Archive for October, 2010

Revisited: Stalin says ‘I’m just an entertainer’

October 31, 2010

MOSCOW (Oct. 26) — Documents uncovered this month in a museum near here reveal that Josef Stalin, the Soviet dictator widely viewed as architect of the Cold War and butcher of millions of his own people, had considered himself “just an entertainer.”

“People take me way too seriously,” the tyrant responsible for the Iron Curtain and purges that destroyed Russian society for decades told an interviewer from Access Stalingrad shortly before his death in 1953. “Especially my opponents, or at least those who are still alive.”

Stalin ruled the Soviet Union with unchecked cruelty from 1924 until he died some 30 years later. Though his nation helped defeat Nazi Germany in World War II, he is more remembered among historians for the ruthless elimination of all political adversaries, and purges that killed as many as 20 million of his own citizens and exiled untold millions more to Siberian work camps.

“What I wish people would remember me for instead is my love of the ‘old soft shoe,’” Stalin said of the dance form closely related to tap, but performed in soft-soled shoes with no metallic heels. “I’ll take an old Gershwin standard over the pogroms and the forced collectivization of farms any day.”

Stalin defended much of his record of terror and at the same time downplayed its significance. Even as far back as the civil war that followed the Russian Revolution of 1917, the hated autocrat said his role in the rise of Communism was frequently misinterpreted. He pointed specifically to his backing of the Red Army of Vladimir Lenin against the White Army.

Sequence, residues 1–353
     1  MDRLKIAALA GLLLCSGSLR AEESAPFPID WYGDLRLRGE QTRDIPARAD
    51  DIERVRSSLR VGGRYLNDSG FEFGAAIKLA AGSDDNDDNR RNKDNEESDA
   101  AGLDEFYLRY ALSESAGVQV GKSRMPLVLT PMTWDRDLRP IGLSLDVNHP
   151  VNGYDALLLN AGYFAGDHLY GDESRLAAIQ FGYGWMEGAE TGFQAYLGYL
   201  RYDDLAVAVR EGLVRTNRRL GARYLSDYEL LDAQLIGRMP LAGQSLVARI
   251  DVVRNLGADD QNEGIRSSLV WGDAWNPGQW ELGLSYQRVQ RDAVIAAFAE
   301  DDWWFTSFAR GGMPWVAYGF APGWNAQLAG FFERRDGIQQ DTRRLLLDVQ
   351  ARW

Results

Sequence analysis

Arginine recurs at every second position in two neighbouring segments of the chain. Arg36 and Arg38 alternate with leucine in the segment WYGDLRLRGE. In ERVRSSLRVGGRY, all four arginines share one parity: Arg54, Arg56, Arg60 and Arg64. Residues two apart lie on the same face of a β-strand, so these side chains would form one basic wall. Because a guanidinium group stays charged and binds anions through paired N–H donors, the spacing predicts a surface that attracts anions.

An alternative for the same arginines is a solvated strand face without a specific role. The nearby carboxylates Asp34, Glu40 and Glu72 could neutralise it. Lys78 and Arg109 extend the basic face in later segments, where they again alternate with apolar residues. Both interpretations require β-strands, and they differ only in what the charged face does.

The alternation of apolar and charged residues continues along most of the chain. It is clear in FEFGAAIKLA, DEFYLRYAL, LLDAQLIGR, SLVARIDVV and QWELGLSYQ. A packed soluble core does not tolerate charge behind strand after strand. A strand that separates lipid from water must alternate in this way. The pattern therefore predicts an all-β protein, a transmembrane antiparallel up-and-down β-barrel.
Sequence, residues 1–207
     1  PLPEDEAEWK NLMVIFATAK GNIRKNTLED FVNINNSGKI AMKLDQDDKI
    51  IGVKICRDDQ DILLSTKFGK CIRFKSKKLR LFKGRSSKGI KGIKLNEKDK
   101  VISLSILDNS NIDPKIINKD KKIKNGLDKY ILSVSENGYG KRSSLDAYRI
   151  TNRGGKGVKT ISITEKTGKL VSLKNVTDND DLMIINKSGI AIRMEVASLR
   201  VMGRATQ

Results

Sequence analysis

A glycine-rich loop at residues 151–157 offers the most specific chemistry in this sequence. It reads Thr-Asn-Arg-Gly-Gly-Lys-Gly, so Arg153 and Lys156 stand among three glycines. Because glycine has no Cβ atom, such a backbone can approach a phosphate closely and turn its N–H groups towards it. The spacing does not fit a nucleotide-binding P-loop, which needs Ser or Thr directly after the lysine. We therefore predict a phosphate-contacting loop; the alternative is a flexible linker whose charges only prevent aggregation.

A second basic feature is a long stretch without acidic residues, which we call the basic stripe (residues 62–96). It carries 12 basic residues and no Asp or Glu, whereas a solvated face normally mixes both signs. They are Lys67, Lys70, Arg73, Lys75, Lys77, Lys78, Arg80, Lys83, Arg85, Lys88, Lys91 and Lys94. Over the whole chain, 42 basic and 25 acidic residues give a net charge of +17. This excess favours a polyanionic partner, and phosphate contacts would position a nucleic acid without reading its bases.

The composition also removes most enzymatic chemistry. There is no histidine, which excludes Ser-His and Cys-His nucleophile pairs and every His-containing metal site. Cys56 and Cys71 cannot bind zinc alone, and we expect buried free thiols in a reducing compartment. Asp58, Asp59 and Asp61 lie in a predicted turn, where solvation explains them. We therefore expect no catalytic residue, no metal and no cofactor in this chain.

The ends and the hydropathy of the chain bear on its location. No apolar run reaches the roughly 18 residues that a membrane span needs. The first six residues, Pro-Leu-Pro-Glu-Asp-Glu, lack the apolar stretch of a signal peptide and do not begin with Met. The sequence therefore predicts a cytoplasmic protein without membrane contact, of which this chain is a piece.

“I’ve shown over and over again that I have a deep-seated hatred of the White Army, and of White culture,” Stalin said. “I’m not saying I don’t like the White Army. I’m saying they have a problem.”

He dismissed widespread impressions that he was a racist by saying “of course I prefer Caucasians. I am, after all, from the region of the Caucasus mountains.”

Stalin also told the interviewer that other famous despots of the mid-twentieth century were equally misunderstood, and that all of them “just wanted to put a smile on the face and a spring in the step” of their peoples, even though that effort sometimes also included a knife between the shoulder blades.